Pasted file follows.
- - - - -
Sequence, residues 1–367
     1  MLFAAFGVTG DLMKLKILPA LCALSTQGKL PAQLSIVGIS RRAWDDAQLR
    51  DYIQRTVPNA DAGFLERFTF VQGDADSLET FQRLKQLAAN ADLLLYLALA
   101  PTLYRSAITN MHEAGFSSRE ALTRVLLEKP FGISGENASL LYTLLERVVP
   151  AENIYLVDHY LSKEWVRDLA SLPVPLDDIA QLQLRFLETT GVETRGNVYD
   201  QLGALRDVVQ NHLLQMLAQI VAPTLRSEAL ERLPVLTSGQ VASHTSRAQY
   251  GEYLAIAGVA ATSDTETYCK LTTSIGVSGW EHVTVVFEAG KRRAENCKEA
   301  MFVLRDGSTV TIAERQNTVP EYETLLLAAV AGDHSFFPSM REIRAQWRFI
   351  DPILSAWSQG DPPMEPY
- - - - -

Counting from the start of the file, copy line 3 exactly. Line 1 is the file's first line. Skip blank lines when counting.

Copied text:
    51  DYIQRTVPNA DAGFLERFTF VQGDADSLET FQRLKQLAAN ADLLLYLALA